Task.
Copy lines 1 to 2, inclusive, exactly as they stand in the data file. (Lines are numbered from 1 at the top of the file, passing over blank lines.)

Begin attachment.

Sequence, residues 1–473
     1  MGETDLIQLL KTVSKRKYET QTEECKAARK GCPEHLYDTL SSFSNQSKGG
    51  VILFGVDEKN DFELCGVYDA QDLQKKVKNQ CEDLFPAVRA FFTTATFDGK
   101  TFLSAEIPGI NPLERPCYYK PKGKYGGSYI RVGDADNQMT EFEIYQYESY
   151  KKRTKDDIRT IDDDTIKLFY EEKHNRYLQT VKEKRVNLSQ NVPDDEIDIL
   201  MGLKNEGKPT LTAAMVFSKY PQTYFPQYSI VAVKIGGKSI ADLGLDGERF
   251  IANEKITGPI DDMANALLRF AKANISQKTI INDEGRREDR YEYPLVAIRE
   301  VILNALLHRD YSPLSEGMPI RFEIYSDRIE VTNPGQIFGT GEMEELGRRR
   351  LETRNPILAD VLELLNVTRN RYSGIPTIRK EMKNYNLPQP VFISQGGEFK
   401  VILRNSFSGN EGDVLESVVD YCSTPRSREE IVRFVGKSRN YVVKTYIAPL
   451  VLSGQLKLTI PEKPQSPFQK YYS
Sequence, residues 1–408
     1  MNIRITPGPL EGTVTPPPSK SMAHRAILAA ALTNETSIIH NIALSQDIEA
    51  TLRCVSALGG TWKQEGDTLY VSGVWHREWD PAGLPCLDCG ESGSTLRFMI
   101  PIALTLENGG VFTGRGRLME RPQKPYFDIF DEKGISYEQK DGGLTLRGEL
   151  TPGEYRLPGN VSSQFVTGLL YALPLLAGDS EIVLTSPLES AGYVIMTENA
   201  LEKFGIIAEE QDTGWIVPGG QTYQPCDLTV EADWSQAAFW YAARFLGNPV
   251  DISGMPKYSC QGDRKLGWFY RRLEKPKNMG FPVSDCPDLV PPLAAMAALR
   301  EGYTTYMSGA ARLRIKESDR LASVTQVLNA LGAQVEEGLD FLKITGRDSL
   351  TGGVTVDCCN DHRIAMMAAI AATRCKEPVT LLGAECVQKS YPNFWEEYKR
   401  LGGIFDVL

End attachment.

Sequence, residues 1–473
     1  MGETDLIQLL KTVSKRKYET QTEECKAARK GCPEHLYDTL SSFSNQSKGG